Recently the European Environment Agency (EEA) has requested services through a public bid for the provision of consultancy services and the provision of licences for (existing and future) pan-European geo-referenced data sets to fulfil its mandate to provide timely, targeted, relevant and reliable information about our environment.
The datasets required will come on the one hand from the different environmental data centres, but equally important from other sources of general reference data and other thematic areas than the environment, partly coming from public administrations at different hierarchical levels as well as private organisations (as the road network data from EuroGeographics and TeleAtlas). In a public bid, GeoVille & Gisat’s data fusion offer, combined with its experience with regard to GMES service provisions for land applications, was able to convince and best meet EEA’s requirements.
Fulfilling pan-European data requirements
Being partners in the European Topic Centre on Land Use and Spatial Information (ETC LUSI), GeoVille and Gisat work with European-wide environmental data sets managed by the European Environment Agency (EEA) with a proven track record in data processing and analysing the territorial and environmental dimension of issues like urban sprawl, territorial cohesion policy, rural development or mountain areas.
GeoVille’s proposal to the EEA, which was submitted together with the Czech geoinformation company Gisat, a long-time partner in the various joint GMES activities, was mainly based on datasets which already proved their value in support of the EEA data needs. By combining several existing data sources, like transport infrastructure and high resolution layers describing, for example green urban areas, small water bodies, built-up areas including the degree of soil sealing (imperviousness), the forest layer and other – still to be defined – high resolution layers of the Land Monitoring Core Service (LMCS), GeoVille & Gisat is able to offer an innovative approach to satisfy EEA needs for timely consistent, European-wide land cover information on short term.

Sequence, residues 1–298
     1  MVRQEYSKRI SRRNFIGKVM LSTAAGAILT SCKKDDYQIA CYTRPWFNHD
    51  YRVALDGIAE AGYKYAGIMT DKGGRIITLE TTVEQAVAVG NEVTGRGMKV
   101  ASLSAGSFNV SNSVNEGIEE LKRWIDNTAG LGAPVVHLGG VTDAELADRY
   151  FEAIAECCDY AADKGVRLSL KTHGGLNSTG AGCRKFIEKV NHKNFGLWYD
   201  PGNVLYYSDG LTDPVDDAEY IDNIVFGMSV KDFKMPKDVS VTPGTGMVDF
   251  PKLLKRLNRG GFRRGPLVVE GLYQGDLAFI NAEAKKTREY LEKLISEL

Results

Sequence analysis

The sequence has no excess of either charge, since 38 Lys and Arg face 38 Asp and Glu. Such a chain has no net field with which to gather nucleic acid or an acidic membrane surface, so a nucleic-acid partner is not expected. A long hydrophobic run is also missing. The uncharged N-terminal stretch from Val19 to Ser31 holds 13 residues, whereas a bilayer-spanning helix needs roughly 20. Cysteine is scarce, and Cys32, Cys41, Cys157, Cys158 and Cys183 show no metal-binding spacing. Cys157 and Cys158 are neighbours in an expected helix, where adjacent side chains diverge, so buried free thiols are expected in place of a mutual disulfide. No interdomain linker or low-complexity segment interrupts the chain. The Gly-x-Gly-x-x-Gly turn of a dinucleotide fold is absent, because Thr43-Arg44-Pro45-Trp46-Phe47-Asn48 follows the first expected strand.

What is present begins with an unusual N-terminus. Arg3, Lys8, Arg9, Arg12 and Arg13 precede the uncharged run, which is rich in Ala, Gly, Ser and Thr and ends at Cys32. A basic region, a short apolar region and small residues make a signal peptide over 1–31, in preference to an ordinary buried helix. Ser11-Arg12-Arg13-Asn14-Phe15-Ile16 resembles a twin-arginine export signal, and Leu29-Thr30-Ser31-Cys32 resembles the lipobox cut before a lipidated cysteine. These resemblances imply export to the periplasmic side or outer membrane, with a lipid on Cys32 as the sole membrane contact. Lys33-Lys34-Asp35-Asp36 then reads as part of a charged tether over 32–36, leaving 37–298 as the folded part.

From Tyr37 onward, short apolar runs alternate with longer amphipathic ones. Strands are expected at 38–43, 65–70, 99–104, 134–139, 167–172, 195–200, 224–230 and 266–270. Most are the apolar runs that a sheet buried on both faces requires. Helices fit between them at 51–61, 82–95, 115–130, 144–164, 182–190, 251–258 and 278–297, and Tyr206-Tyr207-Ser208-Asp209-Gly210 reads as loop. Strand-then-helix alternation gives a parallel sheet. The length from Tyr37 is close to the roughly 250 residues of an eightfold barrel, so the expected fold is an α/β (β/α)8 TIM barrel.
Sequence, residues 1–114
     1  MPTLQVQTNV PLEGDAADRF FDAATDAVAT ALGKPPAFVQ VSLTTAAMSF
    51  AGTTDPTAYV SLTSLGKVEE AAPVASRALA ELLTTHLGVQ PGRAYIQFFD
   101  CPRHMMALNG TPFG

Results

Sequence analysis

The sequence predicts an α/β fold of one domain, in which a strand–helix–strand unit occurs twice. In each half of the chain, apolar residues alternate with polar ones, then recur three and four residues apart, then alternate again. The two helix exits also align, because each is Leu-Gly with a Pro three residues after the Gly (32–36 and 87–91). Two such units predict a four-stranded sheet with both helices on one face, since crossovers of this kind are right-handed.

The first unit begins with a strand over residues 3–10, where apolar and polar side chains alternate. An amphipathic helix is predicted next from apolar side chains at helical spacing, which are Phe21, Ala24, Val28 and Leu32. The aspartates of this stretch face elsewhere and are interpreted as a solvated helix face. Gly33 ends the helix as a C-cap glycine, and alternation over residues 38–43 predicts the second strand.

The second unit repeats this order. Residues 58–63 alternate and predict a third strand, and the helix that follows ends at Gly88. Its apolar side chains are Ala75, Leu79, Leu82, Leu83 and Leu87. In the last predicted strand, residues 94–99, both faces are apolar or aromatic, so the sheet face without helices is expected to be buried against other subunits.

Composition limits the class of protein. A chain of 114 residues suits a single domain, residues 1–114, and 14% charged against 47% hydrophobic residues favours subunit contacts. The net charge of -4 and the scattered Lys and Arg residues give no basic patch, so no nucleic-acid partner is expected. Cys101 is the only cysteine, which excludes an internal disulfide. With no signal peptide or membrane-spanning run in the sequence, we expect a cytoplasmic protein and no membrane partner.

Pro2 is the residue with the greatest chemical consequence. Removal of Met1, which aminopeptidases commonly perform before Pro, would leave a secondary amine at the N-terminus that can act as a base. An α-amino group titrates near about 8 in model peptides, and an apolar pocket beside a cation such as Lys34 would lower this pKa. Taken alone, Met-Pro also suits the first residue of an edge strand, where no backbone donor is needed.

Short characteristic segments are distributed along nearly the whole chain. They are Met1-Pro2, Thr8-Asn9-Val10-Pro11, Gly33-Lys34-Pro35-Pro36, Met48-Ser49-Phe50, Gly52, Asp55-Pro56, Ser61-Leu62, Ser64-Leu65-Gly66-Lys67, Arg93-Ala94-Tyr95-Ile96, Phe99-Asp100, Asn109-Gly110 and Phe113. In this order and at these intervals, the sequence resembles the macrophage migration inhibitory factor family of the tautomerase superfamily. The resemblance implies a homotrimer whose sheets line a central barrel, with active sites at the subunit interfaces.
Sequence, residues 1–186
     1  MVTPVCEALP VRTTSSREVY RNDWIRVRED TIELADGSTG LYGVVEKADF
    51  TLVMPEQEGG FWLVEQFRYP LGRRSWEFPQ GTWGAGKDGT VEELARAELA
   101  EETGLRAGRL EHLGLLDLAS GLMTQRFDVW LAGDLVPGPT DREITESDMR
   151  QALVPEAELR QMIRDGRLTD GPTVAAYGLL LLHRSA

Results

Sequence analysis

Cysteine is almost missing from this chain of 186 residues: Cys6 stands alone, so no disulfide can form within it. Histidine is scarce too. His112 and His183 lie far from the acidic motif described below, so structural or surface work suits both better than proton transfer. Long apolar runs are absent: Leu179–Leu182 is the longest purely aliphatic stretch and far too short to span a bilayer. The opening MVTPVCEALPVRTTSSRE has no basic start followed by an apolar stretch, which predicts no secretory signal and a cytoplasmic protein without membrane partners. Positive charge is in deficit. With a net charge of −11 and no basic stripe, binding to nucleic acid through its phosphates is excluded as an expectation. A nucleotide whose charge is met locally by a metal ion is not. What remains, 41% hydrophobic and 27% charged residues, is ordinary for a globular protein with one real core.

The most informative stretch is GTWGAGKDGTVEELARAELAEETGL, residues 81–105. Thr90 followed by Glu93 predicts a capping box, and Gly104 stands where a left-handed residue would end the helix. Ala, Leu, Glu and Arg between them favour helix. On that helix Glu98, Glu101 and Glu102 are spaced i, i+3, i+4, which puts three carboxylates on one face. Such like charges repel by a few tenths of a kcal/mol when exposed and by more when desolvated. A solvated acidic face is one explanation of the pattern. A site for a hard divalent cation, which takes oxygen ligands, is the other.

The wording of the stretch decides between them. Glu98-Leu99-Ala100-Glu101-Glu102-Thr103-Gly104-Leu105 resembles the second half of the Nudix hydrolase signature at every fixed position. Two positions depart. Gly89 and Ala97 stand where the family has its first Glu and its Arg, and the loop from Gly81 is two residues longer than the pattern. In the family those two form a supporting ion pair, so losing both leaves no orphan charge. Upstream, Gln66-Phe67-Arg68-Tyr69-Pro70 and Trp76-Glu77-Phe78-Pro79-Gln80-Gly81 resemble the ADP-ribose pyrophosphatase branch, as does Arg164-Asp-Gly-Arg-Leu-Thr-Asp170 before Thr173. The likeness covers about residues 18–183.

An important part of this work will be related to making the different data sets geometrically and thematically consistent to each other, as most of them were created independent from each other.
High resolution layers could be the bridge between European coverage and timeliness requirements and national accuracy and detail demands. The integration of such high resolution maps with additional (in-situ) information are a big step forward and will lead to further enhancement of spatial characterisation of the land as used in the EEA integrated assessment framework based on LEAC.
The following services and supplies will be provided through GeoVille & Gisat to EEA:
- maintenance services for products currently used by EEA
- maintenance services for data sets listed in the annexes of the INSPIRE directive
- updates and processing of geospatial data sets
- extension of area coverage of data sets
- documentation of data sets, including data quality, use conditions and processing steps applied during data “manipulation” of derived data sets
- consultancy services.
Perspective of EEA’s geospatial data needs
In the meantime, EEA and Member States need to continue discussing how to extract most useful synergies from national and European data creation activities within the context of GMES, INSPIRE and SEIS initiatives.
When working on land cover issues, we also must not forget the global activities which will have a growing impact on European efforts in the future. The GlobCorine project is a first step towards using medium resolution satellite data to create information that is – to a certain extent – compatible with CLC.
In addition, all the information already created by the EEA should not be ignored and activities doubled or repeated. The EEA has spent much time and effort e.g. on the creation of an improved database on rivers and river catchments or dams. Data from EuroGeographics, TeleAtlas or any other source should not replace these data, but should be used to improve the data content, building on the current data sets and in a way consistent to other related activities run by the EEA in the spatial data domain.